ORLANDO EVICTION LAWYER & REAL ESTATE ATTORNEY
Orlando Eviction Lawyer Jaisen Stango is a property owner, landlord, downtown businessperson and experienced Florida Real Estate Attorney.
As a landlord myself, I understand the importance of dealing with non-paying tenants in a firm, timely manner. As a businessperson, I understand how mishandled property evictions can cost you valuable time and money. As your Orlando eviction lawyer, I will fight for your rights as a property owner and strive to provide sound financial solutions to legal problems with tenants, squatters or unauthorized occupants.
Jaisen J. Stango, Esq.
Orlando Eviction Lawyer
Unlike other eviction lawyers and real estate law offices that delegate case responsibilities, Jaisen Stango will personally handle your property eviction for residential eviction, commercial eviction or removal of an unauthorized occupant / squatter. When you select us as your legal counsel, you will always work directly with your eviction attorney, NO PARALEGALS - NO LEGAL ASSISTANTS. Clients are much more than a number on a case file to us. Our goal is to build a long lasting relationship with every client, property owner and businessperson needing legal counsel for a rental eviction. If you are having problems with a tenant for whatever reason, don't wait for the situation to escalate. Contact Jaisen Stango today at (407) 835-8688 for a FREE 15-minute phone consultation regarding your rights and court remedies under Florida Law.
Eviction Lawyer & Real Estate Law >>
At the office of Jaisen Stango, Attorney & Counselor at Law, we can handle matters of Real Estate Law including commercial and residential tenant evictions. As a Homeowner, Condo Association member and/or Landlord, you have specific rights and responsibilities under Florida Statutes. From the drafting of your property management agreements to the mediation of a dispute with your Homeowners Association, your legal representation matters to us. The following principles of Landlord/Tenant Law are presented for General Information "Only" and Should Not Be Considered To Be Legal Advice:
Restrictions to Landlord's Actions for Eviction
In Orlando, including Orange, Osceola and Seminole Counties, only a court judge can order a property eviction (NOTE: Only the county Sheriff can actually force the tenant to vacate the rental property). Florida Landlord/Tenant Law does not allow a landlord to force a delinquent renter or tenant in breach of the rental lease agreement by taking certain actions to include (but not limited to):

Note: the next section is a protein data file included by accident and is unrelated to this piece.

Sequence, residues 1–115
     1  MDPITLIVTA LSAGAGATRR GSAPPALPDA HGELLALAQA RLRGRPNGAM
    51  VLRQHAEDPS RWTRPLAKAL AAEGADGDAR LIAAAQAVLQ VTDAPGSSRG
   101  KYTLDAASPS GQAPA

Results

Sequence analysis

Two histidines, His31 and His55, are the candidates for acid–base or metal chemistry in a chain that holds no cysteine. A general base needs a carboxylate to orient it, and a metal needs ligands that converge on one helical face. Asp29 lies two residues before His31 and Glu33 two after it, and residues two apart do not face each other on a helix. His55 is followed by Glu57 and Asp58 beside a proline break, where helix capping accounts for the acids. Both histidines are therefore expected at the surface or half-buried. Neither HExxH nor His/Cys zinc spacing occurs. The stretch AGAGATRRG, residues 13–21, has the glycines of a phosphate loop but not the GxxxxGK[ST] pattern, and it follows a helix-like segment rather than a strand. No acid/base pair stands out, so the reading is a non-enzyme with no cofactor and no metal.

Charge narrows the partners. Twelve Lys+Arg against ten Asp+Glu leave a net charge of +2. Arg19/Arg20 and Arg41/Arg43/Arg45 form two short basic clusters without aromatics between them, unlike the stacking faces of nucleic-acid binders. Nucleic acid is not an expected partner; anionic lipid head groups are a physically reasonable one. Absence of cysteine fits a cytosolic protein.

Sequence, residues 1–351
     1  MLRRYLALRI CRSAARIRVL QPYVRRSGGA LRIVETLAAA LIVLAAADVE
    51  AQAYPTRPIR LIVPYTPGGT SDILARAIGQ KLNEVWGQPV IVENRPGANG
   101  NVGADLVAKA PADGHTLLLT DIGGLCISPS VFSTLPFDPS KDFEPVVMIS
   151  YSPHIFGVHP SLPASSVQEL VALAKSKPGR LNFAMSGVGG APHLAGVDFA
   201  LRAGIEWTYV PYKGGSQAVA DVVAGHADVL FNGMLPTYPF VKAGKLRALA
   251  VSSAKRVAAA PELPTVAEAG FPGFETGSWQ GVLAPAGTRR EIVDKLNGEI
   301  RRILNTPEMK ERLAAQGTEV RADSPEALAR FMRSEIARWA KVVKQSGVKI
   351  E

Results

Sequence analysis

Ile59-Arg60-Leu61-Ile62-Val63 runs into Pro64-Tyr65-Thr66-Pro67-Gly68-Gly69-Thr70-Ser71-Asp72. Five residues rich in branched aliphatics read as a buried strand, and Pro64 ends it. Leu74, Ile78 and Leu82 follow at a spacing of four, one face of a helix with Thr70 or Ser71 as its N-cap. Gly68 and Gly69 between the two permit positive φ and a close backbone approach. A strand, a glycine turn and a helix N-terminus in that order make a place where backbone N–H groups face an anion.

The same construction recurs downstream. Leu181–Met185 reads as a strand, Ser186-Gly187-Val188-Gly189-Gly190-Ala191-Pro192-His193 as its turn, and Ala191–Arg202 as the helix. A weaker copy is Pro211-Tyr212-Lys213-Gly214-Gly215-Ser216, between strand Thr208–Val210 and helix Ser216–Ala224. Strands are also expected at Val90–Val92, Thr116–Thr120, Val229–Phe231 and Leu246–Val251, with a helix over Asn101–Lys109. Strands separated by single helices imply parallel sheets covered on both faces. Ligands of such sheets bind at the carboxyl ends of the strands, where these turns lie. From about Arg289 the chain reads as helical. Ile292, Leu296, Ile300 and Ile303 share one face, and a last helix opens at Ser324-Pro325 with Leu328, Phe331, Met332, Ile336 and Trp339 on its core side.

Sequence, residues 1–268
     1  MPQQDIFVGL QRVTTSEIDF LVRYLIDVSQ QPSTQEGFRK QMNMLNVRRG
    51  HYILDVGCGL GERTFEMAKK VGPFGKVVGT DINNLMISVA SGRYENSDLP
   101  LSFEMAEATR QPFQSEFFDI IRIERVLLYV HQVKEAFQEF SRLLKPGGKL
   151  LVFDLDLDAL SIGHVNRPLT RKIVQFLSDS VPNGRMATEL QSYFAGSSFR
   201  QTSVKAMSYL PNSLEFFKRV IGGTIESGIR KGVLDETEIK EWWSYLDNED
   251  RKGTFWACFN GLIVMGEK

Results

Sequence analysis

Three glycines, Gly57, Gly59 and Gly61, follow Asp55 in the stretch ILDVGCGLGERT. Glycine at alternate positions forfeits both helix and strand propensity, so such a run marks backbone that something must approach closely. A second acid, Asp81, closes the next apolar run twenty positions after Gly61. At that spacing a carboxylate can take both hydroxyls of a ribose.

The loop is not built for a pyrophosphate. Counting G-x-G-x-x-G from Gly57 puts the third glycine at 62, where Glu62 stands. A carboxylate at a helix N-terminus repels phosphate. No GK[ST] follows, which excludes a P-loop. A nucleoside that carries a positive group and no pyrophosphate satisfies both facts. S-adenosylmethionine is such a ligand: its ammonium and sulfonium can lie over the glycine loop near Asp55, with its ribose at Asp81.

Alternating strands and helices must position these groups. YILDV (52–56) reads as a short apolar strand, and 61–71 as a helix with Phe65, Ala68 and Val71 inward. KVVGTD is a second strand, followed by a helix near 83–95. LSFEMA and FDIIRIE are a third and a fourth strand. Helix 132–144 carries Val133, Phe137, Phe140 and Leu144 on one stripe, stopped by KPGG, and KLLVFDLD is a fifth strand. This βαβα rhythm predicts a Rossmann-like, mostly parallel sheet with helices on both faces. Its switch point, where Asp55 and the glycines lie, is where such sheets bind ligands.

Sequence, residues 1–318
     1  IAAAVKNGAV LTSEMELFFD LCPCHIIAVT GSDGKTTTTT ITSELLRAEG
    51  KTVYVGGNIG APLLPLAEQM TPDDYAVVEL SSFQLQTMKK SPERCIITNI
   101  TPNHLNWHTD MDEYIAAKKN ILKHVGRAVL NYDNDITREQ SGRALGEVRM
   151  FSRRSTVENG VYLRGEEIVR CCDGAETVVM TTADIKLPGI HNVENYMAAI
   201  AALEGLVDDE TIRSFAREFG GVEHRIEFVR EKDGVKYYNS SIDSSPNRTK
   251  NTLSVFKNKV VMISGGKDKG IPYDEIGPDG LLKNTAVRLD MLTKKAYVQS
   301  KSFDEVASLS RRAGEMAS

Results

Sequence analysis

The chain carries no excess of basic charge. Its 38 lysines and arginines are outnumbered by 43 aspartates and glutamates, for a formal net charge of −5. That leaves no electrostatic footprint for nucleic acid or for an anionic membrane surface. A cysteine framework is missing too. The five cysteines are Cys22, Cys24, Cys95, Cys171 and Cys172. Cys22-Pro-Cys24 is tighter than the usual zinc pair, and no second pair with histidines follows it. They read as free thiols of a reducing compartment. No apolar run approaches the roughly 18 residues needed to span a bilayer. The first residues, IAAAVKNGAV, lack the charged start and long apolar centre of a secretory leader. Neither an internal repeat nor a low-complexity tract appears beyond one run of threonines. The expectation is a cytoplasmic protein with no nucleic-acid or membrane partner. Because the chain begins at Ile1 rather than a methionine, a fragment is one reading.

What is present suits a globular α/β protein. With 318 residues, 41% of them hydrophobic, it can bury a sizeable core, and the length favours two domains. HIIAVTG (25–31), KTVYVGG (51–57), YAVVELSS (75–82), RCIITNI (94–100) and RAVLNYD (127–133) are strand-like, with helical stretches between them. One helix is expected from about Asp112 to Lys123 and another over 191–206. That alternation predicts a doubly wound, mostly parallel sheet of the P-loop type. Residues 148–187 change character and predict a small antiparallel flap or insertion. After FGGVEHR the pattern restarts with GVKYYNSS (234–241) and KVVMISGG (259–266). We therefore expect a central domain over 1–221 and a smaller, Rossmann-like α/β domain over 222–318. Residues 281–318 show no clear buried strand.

- Landlord CANNOT evict a tenant in retaliation for the renter asserting their tenant rights.
- Landlord CANNOT shut off utilities, or interrupt service, even if the service is in the property manager's name.
- Landlord CANNOT change the locks or use any locking device to deny the renter access.
- Landlord CANNOT remove outside doors, walls, windows or exterior structures to force a tenant to vacate the property.
- Landlord CANNOT remove the tenant's personal property unless this action occurs after a court ordered writ of possession been properly served or in compliance with the Disposition of Personal Property Landlord and Tenant Act.
Only a qualified Eviction Lawyer practicing Florida Real Estate Law can properly advise you on specific eviction proceedings. If a Landlord violates the tenant's rights provided under Florida Statutes, the renter may elect to sue for actual damages, consequential damages, court costs and attorney's fees.
Tenant's Failure to Pay Rent
When a tenant fails to pay rent in accordance with the rental lease agreement (or by verbal commitment), the landlord or property manager is required to follow a certain course of action before filing an eviction:
- The landlord must serve the tenants with a written Notice of Failure to Pay Rent pursuant to Sec. 83.56(3).
- If the renters remain delinquent, the landlord must file a complaint for eviction for non-payment of rent with the Clerk of the Court.
- The summons issued by the court notifies the tenants that they have 5 days from the date of service to file a written answer with the court.
- If the tenants do not respond, the landlord may file a motion for a default order for tenant removal.
- If the court grants the landlord's motion, the Clerk of the Court will issue a Writ of Possession to the county Sheriff's office.
- The Sheriff will give the tenants no less than 24 hours to vacate the premises.
- The Sheriff then puts the landlord back in possession of the residential or commercial rental property.
Tenant's Breach of the Lease Agreement
When a tenant fails to meet the provisions of the rental lease agreement, the landlord or property manager may have certain rights.
- Except for a tenant's failure to pay rent, a Landlord must notify the renter of their shortcomings and give them seven days to correct the situation or the eviction process can be enacted through filings with the county court.
- If the renter exhibits a lack of consideration for others or refuses to follow Community rules, the Landlord may have the right to demand the tenant to vacate the property without giving the tenant the opportunity to cure the breach of the lease agreement.
- If the tenant has caused destruction of property or unreasonable disturbances, the Landlord may have the right to issue a Seven-Day Written Notice To Vacate without providing the tenant an opportunity to correct the problem.
Our goal is to provide you with affordable legal information whether you need to evict a non-paying family from your apartment or take a legal stance against your Community Homeowners Association. If you live in Orange, Osceola or Seminole Counties, put Attorney Jaisen Stango's business skills and property eviction experience to work for you. Please use the Contact Form at the top of this web page and submit your question or comments for a prompt, private response by email.
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